Now we die?
Frank wheeled around another corner, nearly clipping a black BMW that was parked too close to the intersection. The tires squealed, and the sedan shimmied, and Frank said, "That address ought to be right around here somewhere."
Tony squinted at the shadowy houses that were only partly illuminated by the streetlamps. "There it is, I think," he said, pointing.
It was a large neo-Spanish house set well back from the street on a spacious lot. Red tile roof.
Cream-colored stucco. Leaded windows. Two big wrought-iron carriage lamps, one on each side of the front door.
Frank parked in the circular driveway.
They got out of the unmarked sedan.
Tony reached under his jacket and slipped the service revolver out of his shoulder holster.
After Hilary had finished crying at her desk in the study, she had decided, in a daze, to go upstairs and make herself presentable before she reported the assault to the police. Her hair had been in complete disarray, her dress torn, her pantyhose shredded and hanging from her legs in ludicrous loops and tangles. She didn't know how quickly the reporters would arrive once the word had gotten out on the police radio, but she had no doubt that they would show up sooner or later.
She was something of a public figure, having written two hit films and having received an Academy Award nomination two years ago for her Arizona Shifty Pete screenplay. She treasured her privacy and preferred to avoid the press if at all possible, but she knew that she would have little choice but to make a statement and answer a few questions about what had happened to her this night. It was the wrong kind of publicity. It was embarrassing. Being the victim in a case like this was always humiliating. Although it should make her an object of sympathy and concern, it actually would make her look like a fool, a patsy just waiting to be pushed around. She had successfully defended herself against Frye, but that would not matter to the sensation seekers. In the unfriendly glare of the television lights and in the flat gray newspaper photos, she would look weak. The merciless American public would wonder why she had let Frye into her house. They would speculate that she had been raped and that her story of fending him off was just a coverup.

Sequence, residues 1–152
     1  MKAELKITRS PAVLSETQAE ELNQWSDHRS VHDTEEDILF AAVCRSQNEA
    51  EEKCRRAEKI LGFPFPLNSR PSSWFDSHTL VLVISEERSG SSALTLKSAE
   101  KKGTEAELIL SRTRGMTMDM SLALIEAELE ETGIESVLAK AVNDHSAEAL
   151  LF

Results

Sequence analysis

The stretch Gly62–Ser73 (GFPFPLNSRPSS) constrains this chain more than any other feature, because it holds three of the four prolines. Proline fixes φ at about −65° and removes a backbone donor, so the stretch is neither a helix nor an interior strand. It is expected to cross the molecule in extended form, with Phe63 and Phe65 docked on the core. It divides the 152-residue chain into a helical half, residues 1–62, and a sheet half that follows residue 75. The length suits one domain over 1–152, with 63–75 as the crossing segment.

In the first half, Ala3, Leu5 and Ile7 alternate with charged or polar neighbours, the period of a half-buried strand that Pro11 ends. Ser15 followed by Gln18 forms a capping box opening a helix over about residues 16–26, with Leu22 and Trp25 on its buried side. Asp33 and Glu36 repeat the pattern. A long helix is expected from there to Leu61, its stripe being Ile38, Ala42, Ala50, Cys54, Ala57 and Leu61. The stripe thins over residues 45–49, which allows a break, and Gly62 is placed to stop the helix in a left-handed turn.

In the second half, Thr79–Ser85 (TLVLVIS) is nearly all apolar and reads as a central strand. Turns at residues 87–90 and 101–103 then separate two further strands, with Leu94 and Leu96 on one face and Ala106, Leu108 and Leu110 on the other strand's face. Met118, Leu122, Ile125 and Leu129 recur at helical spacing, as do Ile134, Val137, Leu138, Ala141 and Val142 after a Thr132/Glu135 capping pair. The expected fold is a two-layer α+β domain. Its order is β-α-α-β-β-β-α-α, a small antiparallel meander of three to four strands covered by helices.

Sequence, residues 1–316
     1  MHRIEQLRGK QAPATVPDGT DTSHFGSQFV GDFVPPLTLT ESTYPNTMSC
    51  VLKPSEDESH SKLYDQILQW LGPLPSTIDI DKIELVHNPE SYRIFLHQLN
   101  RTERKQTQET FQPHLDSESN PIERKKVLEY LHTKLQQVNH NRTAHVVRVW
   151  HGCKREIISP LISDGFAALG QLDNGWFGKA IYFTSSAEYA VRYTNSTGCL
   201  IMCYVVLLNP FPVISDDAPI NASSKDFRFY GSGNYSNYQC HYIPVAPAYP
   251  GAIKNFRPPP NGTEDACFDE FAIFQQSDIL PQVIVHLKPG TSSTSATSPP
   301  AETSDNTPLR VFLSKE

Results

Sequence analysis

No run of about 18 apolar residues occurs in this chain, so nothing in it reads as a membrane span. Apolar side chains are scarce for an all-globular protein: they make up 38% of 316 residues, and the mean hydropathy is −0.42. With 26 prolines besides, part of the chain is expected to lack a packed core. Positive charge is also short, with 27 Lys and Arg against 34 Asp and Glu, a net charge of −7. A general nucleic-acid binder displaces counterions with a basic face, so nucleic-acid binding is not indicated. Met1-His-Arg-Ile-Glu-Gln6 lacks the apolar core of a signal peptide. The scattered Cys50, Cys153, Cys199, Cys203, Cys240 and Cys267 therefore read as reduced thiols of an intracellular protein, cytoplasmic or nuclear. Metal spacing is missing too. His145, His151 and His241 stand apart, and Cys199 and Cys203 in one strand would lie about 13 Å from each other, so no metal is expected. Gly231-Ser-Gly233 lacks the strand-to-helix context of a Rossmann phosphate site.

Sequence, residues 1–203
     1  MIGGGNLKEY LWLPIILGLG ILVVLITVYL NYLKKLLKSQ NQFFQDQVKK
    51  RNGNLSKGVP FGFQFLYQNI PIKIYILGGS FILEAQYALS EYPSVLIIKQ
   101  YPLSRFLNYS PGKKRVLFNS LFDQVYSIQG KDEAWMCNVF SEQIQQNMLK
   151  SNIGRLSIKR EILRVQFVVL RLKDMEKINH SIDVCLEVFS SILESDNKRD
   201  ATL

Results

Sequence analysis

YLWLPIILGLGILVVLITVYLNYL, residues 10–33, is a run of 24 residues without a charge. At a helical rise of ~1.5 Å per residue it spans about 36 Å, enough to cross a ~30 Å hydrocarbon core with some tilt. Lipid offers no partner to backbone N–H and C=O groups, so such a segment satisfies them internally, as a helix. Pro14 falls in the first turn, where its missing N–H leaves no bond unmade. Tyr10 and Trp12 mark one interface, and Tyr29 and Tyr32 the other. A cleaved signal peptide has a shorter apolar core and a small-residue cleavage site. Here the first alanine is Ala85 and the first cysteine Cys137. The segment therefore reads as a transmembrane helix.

Some of them would be certain that she had invited him in and had asked to be raped. Most of the sympathy she received would be shot through with morbid curiosity. The only thing she could control was her appearance when the newsmen arrived. She simply could not allow herself to be photographed in the pitiable, dissheveled state in which Bruno Frye had left her.
As she washed her face and combed her hair and changed into a silk robe that belted at the waist, she was not aware that these actions would damage her credibility with the police, later. She didn't realize that, in making herself presentable, she was actually setting herself up as a target for at least one policeman's suspicion and scorn, as well as for charges of being a liar.
Although she thought she was in command of herself, Hilary got the shakes again as she finished changing clothes. Her legs turned to jelly, and she was forced to lean against the closet door for a minute.
Nightmarish images crowded her mind, vivid flashes of unsummoned memories. At first, she saw Frye coming at her with a knife, grinning like a death's head, but then he changed, melted into another shape, another identity, and he became her father, Earl Thomas, and then it was Earl who was coming at her, drunk and angry, cursing, taking swipes at her with his big hard hands. She shook her head and drew deep breaths and, with an effort, banished the vision.
But she could not stop shaking.
She imagined that she heard strange noises in another room of the house. A part of her knew that she was merely imagining it, but another part was sure that she could hear Frye returning for her.
By the time she ran to the phone and dialed the police, she was in no condition to give the calm and reasoned report she had planned. The events of the past hour had affected her far more profoundly than she had thought at first, and recovering from the shock might take days, even weeks.
After she hung up the receiver, she felt better, just knowing help was on the way. As she went downstairs, she said aloud, "Stay calm. Just stay calm. You're Hilary Thomas. You're tough. Tough as nails. You aren't scared. Not ever. Everything will be okay." It was the same litany that she had repeated as a child so many nights in that Chicago apartment. By the time she reached the first door, she had begun to get a grip on herself.